The engine and motor switch off at a complete stop. The car uses the battery power to maintain the radio, lighting, air conditioning, and display screens until you start the car again.

Cruising and Acceleration

At steady speeds over 15 MPH, some of the gasoline powers the generator to produce electricity for the batteries.

If you need to accelerate rapidly, the gas engine and electric motor supply extra power to the wheels. The power split device lets them combine their torques to generate more speed. The gas engine allocates some power to the generator for the electric motor to use as needed.

Power split devices can reduce fuel consumption, depending on the planetary gear configuration.

Problems With Hybrid Vehicles

Hybrid vehicles can run into some issues when it comes to their batteries.

Over time, the batteries can no longer hold a charge and need repairs or replacement. Errors in specific cells can also cause your car to run solely on gas, reducing fuel efficiency and driving up gasoline costs.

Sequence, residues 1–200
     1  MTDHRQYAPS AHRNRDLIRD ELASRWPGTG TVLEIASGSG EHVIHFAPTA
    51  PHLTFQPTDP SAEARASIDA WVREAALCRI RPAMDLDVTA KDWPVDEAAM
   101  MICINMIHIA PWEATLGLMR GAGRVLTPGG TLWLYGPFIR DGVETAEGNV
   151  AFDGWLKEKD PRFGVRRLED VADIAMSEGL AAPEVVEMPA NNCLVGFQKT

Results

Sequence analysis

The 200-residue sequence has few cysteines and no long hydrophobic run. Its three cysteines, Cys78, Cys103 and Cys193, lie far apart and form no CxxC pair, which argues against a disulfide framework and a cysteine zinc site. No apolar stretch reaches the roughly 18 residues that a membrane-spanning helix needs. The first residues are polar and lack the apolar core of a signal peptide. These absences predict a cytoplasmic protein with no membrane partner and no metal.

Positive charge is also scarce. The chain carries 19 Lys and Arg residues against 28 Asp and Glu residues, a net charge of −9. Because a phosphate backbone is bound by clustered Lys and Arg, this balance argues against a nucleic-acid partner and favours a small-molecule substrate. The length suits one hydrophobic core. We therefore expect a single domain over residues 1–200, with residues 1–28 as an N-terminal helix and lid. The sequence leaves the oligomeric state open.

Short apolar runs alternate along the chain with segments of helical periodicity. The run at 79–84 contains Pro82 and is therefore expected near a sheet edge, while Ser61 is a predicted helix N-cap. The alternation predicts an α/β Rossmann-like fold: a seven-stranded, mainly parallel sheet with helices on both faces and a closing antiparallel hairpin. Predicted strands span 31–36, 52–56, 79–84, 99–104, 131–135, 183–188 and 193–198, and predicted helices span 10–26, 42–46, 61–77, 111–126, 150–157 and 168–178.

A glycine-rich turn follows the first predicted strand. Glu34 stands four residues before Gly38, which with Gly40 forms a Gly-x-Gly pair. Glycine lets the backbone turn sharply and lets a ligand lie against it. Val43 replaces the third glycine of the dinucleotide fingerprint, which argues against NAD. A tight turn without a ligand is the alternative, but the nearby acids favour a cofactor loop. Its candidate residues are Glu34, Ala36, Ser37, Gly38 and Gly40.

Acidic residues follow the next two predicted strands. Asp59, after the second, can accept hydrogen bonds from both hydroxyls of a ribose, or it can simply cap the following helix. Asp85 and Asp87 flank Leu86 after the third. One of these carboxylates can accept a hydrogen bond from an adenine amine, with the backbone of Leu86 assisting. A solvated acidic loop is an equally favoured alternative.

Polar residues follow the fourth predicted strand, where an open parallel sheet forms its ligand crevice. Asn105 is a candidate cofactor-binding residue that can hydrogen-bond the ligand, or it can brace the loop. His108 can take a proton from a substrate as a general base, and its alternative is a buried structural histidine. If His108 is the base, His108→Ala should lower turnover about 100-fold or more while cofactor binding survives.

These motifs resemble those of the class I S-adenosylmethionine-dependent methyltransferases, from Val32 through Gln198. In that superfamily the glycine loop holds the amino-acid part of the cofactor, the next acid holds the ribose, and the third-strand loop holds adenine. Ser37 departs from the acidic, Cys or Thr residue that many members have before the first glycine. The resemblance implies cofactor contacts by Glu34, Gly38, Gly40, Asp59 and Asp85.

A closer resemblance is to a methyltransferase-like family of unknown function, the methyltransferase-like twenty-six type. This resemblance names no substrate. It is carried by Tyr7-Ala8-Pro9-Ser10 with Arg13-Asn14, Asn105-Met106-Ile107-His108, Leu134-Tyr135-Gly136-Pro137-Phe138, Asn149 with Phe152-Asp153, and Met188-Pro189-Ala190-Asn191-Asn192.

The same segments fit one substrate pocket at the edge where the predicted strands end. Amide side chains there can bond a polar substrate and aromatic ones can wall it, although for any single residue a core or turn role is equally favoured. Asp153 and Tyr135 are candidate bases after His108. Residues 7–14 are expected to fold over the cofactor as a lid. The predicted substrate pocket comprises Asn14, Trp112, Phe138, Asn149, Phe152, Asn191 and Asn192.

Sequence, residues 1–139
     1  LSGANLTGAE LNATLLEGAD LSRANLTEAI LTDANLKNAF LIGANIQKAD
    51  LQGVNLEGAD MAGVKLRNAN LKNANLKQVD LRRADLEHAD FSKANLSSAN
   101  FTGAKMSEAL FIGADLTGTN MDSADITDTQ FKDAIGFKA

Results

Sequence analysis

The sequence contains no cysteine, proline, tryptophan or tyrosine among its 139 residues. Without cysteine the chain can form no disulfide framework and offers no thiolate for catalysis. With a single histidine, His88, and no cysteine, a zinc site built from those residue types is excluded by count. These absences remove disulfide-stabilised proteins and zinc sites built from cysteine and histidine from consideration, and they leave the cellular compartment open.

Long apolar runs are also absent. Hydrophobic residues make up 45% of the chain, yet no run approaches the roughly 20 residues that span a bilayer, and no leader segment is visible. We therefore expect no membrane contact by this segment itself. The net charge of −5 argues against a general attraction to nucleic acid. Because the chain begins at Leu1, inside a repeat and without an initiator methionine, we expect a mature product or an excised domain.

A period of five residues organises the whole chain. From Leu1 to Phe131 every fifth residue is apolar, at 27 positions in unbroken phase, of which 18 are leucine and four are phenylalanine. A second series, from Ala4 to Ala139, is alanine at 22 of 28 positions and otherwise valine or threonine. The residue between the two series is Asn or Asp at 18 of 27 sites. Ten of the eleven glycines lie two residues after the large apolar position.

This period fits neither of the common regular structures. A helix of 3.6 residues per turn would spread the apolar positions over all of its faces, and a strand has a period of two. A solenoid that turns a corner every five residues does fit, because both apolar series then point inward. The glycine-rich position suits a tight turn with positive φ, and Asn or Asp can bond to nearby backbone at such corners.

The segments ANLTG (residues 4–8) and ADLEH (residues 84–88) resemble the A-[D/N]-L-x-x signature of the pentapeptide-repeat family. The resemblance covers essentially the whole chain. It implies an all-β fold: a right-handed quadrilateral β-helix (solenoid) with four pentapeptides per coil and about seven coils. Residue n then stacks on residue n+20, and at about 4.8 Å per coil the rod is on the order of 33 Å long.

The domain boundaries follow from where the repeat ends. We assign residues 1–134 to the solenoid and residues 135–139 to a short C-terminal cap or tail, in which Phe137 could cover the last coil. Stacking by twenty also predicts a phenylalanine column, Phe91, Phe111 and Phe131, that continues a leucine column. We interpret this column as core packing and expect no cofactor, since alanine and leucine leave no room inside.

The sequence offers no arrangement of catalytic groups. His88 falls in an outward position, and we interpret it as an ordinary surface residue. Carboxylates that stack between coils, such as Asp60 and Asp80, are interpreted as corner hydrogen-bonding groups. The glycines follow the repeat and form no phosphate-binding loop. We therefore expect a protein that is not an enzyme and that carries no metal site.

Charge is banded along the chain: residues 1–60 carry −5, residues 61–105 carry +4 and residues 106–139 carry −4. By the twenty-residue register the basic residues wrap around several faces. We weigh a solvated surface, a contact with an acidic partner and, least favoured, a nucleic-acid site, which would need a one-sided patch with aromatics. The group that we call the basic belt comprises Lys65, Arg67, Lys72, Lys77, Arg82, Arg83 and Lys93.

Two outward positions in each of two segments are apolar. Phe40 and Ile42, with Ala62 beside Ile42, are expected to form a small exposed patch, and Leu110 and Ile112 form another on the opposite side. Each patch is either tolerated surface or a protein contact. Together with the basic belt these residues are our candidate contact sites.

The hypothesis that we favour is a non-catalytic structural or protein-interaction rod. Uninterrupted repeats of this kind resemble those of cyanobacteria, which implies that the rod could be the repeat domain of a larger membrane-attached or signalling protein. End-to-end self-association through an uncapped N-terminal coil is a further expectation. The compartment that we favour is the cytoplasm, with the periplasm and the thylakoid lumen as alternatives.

Battery warranties last eight years or 100,000 miles in most states, whichever comes first. Due to the longevity of Toyotas, many people keep their Priuses much longer than that. 

Still, your battery will eventually lose its ability to store energy and require a replacement.

Read more: How Long Do Hybrid Batteries Last [And How To Know If They Need Replacing]

Hybrid vehicles have unique designs that are challenging to fix. The batteries are closely intertwined with the gasoline engine and electric motors, which complicates the repairs.

Sometimes one or a few modules in a battery will have faulty cells. While replacing the affected modules seems like a sufficient repair, it can lead to problems down the line because the battery is not balanced correctly. 

As a result, you will need to replace your hybrid battery once it starts malfunctioning.

Purchasing a battery from a Toyota dealership can get costly, so you may want to buy your battery from another source. Some people opt for reconditioned batteries, but you can buy new ones for less from reputable sources, like Exclusively Hybrid.

Enjoy the Hybrid Technology

Now that you know how your Toyota Prius works, you can appreciate the innovative hybrid engine every time you are on the road. As long as you make sure your battery is working correctly and replace it in time, you can enjoy years of energy-efficient use with your Prius.